By Harry Hagopian
28 July 2017
The metal detectors at the entrance to the al-Aqsa Mosque compound were no more than the latest hurdle on a long and bumpy road. And in a sense, their removal was also part of a deal struck by HM King Abdullah II with PM Benjamin Netanyahu for the return of Israeli embassy officials to Jerusalem following the Israeli embassy "incident" in Amman, in which an Israeli embassy security guard shot dead two Jordanian citizens.
But this was not the first such hurdle, and it was not merely about airport-style machines either. I am long enough in the tooth to remember the Six-Day War of 1967 when Israeli Jews exclaimed triumphantly that they would finally pray at the Temple Mount.
Since those days, this walled territory of 35 acres (or 144 dunams) that is known interchangeably as the Noble Sanctuary (al-Haram al-Sharif) or al-Aqsa compound, has been the scene of many ugly events and challenging standoffs.
Remember 1969 when al-Qabali Mosque was set on fire, or Black Monday in 1990 when 20 Palestinians were killed in the al-Aqsa Massacre? Remember also the 63 people who died in 1996 during the protests over the opening of a new tunnel by the Israelis under the Western Wall? Or the second Intifada in 2000 that was set off in part by Ariel Sharon prancing around on the compound? Since then, confrontations between Palestinians and Israeli settlers protected by Israeli forces have led to an escalation of violence in both Israel and the occupied Palestinian territories.
In fact, what Israel has been doing over many long years is pursuing its political aims of encroaching on Palestinian lands through religious prisms. It is simple: appropriate the lands on the basis of a political ideology and then claim that they are being taken for religious purposes. In fact, Israel has mooted a similar concept of sharing this Noble Sanctuary by Jews and Muslims.
It has suggested time-sharing and space-sharing whereby Muslims and Jews would enter the al-Aqsa Mosque compound for prayer at separate times. In so doing, it has used the arrangements at the Ibrahimi Mosque (known to Jews as the Cave of Patriarchs) in Hebron as a future template for Jerusalem. In Hebron, for instance, Jews enjoy the use of 60 percent of the mosque while Muslims have 40 percent only.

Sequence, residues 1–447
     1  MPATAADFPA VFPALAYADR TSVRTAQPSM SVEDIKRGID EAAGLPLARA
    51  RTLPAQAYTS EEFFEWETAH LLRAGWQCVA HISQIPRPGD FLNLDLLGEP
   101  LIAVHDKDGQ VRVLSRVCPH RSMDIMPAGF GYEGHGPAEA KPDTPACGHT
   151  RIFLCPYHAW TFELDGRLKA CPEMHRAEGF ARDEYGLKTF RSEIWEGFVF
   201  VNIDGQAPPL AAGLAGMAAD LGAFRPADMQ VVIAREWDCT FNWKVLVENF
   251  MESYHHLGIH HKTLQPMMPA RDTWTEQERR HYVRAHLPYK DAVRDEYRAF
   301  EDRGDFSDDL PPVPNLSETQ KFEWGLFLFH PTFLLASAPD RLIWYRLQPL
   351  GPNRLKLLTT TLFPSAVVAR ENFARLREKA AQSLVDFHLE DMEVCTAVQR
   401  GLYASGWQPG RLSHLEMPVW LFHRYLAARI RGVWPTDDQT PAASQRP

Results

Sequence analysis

Consequently, Jewish religious settlers have been fighting to seize those rights on religious grounds and government officials have encouraged them for political reasons. Only this week, al-Resalah newspaper reported Bezalel Smotrich from the Jewish Home party calling for the building of a synagogue inside the al-Aqsa Mosque courtyard.
It is a heady mix when religion and politics coalesce in such an inflammatory manner. And the outcome is that any opening is grabbed to introduce new realities on the ground. After all, has this not been the case all along with illegal settlements?
The metal detectors, in their own right, are one small factor. But viewed more broadly, they become a tool for the gradual control of Palestinian territory in such a way that it does not jolt Arab and Muslim sensibilities let alone ruffle the international community - including the EU. And any enhancement in the rights of Israeli Jews would ineluctably lead to a reduction in the rights of Palestinian Muslims - until such day as Muslims in Palestine and elsewhere wake up to the fact that the arrangements of Hebron had been cloned in Jerusalem too.
But there was a difference. In the past, the Arab and Muslim worlds have defended the rights of Palestinians to this third holiest site for Islam. From Saudi Arabia to Morocco, and from Egypt to Jordan, these countries had used their moral and political stature to impede the unfurling of such predatory designs.
Following the Arab uprisings of 2010-2011 though, the political topography of the region has changed noticeably - in some cases subtly and in others more bluntly. These days, the Arab masses are far too busy with their own Sisyphean struggles against the despotism of their rulers to clamour for Palestinian rights. In fact, Palestine nowadays garners more support outside the Arab World than inside it.
Few are the Arab governments that still support Palestinian rights - be they for self-determination or for movement and worship. Indeed, new alliances are clearly being forged, and new enmities are also being honed: Israel is more of a strategic ally with whom to share intelligence than to fight over holy sites and peoples' usurped rights. With Iran the arch-nemesis of some Arab leaders, the enemy of my enemy becomes my friend.
This is why it pains me to watch the so-called Anti-Terror Quartet expending so much theatrics blockading Qatar - one of their own - and castigating it for actions that are no different from those of its accusers. Would it not be better if they invested their time, energy and money defending Arab rights that are being pilfered stealthily but progressively?
Political mistakes have often tended to come back and haunt Arab leaders: I hope this will not be the case here too.
Harry Hagopian is a London-based international lawyer, political adviser and ecumenical consultant on the MENA region. He is also a second-track negotiator and works closely with European institutions.